For the Pirates, their hopes ride on the back of reigning MVP Andrew McCutchen. Coming out of the midsummer break, McCutchen leads the team in every offensive category, but he has been picking up the pace as the weather’s gotten hotter. After hitting .284 in April, McCutchen hit .310 in May and .343 in June. He has exploded in July with a .385 batting average, .431 OPS (1.296 OPS), 5 home runs, and 13 RBI in 52 at-bats.
McCutchen is on pace to shatter his career bests in every offensive category, which means great things for the Pirates as they prepare for a dogfight to make the postseason. Though McCutchen can’t give them any innings on the mound, he may be the best offensive weapon in the National League.
3. Albert Pujols, Anaheim Angels
Big Albert Pujols came out of spring training with a chip on his shoulder. Following a year hampered by injury and criticism about his very expensive long-term contract, Pujols has reminded the league how he earned that payday: by terrorizing opposing pitchers.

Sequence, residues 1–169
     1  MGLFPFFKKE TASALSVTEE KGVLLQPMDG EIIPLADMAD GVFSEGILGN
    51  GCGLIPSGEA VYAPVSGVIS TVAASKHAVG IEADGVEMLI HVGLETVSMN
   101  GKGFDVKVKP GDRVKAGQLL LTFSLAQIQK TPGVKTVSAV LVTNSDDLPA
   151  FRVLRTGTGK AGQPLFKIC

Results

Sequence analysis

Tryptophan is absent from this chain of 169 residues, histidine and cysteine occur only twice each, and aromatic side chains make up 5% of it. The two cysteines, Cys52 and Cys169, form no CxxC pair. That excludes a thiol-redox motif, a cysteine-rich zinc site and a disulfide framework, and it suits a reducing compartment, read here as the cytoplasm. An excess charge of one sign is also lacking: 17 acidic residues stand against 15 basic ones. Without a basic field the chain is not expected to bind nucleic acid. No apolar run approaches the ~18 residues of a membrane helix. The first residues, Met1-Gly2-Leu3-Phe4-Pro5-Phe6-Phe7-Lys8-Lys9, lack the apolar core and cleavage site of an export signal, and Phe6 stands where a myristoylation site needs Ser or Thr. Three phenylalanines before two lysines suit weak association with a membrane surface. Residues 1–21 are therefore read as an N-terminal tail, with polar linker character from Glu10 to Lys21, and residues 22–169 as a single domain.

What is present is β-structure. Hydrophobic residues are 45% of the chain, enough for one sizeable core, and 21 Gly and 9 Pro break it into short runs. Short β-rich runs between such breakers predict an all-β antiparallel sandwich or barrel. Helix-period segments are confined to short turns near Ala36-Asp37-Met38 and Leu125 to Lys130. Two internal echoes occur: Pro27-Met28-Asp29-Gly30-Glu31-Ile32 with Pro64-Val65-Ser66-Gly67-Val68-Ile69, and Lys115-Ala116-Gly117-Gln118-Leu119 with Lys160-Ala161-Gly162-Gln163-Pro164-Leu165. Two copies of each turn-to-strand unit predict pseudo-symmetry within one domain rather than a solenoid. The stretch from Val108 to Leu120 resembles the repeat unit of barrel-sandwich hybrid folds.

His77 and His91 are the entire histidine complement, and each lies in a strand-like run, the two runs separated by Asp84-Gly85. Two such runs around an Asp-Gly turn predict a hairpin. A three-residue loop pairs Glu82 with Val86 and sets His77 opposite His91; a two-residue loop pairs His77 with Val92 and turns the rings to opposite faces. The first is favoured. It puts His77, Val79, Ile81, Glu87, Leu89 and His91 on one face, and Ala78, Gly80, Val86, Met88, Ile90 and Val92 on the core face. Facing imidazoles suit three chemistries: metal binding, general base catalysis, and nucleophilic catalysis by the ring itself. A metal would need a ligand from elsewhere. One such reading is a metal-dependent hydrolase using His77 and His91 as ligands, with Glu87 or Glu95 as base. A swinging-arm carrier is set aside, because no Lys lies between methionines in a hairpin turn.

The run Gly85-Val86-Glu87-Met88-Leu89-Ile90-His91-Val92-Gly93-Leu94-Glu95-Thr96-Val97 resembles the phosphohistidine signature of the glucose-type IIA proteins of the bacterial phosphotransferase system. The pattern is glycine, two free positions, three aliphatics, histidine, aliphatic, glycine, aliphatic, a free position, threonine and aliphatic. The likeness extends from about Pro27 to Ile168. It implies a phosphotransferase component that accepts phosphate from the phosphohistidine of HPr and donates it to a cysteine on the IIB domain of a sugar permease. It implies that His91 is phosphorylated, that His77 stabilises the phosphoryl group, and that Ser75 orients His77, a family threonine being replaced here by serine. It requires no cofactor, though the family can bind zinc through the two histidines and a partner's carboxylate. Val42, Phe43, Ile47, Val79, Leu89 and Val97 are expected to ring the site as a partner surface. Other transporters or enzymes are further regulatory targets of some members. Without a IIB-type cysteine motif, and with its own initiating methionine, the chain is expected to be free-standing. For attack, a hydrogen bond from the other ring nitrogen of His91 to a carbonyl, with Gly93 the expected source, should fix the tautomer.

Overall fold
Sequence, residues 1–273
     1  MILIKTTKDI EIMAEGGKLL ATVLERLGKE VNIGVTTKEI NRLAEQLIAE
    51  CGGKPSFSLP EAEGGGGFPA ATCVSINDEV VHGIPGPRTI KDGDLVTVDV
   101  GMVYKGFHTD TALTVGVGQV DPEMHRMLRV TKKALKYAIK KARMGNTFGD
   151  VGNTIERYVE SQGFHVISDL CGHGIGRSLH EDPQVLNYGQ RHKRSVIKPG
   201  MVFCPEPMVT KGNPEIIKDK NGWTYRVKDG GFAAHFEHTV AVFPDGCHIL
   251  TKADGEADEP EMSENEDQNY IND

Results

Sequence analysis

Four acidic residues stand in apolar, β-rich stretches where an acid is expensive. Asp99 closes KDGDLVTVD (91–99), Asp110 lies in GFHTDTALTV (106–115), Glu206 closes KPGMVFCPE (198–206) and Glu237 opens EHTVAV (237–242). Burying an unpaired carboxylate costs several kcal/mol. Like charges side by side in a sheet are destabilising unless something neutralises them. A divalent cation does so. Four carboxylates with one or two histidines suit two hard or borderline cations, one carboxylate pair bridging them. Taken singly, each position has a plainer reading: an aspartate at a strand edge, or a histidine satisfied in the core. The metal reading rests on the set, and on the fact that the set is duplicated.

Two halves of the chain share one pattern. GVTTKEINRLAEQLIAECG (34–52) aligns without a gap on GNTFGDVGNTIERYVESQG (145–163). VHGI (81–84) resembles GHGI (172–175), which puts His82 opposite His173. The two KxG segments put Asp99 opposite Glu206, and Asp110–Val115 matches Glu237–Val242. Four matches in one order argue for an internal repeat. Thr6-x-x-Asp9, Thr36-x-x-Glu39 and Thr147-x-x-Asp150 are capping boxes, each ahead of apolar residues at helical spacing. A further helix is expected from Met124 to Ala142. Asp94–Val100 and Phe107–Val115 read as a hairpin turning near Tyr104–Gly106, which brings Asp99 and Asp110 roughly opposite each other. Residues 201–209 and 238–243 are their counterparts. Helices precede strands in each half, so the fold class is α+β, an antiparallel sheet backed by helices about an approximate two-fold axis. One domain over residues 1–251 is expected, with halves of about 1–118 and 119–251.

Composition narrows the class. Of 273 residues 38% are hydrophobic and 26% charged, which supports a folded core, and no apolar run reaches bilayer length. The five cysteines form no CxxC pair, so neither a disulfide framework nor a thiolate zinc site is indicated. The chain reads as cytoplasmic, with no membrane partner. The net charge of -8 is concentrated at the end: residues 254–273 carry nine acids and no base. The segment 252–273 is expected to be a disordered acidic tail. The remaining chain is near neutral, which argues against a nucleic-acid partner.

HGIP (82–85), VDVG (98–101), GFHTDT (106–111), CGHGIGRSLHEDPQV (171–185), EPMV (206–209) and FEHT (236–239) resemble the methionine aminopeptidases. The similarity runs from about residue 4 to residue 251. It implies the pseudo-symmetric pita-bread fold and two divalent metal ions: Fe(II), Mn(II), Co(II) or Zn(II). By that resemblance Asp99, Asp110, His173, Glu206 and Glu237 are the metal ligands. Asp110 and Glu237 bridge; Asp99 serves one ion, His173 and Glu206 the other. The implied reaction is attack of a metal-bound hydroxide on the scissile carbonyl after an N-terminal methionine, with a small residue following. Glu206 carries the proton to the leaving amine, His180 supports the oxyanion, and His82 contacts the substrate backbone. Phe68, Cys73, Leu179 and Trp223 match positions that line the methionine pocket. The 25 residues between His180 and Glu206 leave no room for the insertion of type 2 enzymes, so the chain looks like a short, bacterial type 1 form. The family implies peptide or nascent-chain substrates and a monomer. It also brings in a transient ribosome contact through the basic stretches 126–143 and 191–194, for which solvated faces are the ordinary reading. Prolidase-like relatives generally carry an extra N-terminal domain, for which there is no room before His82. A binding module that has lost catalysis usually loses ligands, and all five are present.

Pujols posted 20 HR and 42 RBI at the break, but he has been heating up as the summer wears on, putting up the high batting average everyone remembers from his St. Louis days. After slugging his way through the first three months, Pujols is hitting .373 in July with a .991 OPS. In his 10 games before the break, he went on a .476 tear with 14 RBI and just 1 strikeout.
Imagine a power hitter who can hit 40 home runs and strike out once every few weeks. That’s the zone Pujols is in right now, and anyone playing the Angels understands what team ownership had in mind pairing this slugger with Mike Trout and Josh Hamilton. There is more than one MVP candidate on the Angels.
4. Jonathan Lucroy, Milwaukee Brewers
The Brewers have had their share of distractions with Ryan Braun and Carlos Gomez, but the one constant in the team’s impressive 2014 campaign has been Jonathan Lucroy. With MVP-caliber numbers and a foolproof approach to calling games for the pitching staff, Lucroy has been the rock the Brew Crew needs to continue this surprising push for the postseason.
There is no shortage of teams waiting to take the Brewers’ place out of the All-Star break. St. Louis, Cincinnati, and Pittsburgh are all one hot streak away from knocking Milwaukee out of first. With no margin for error, the Brewers hope Lucroy can shake off his July slump and carry the team through the dog days of the 2014 season.
5. Mark Teixeira, New York Yankees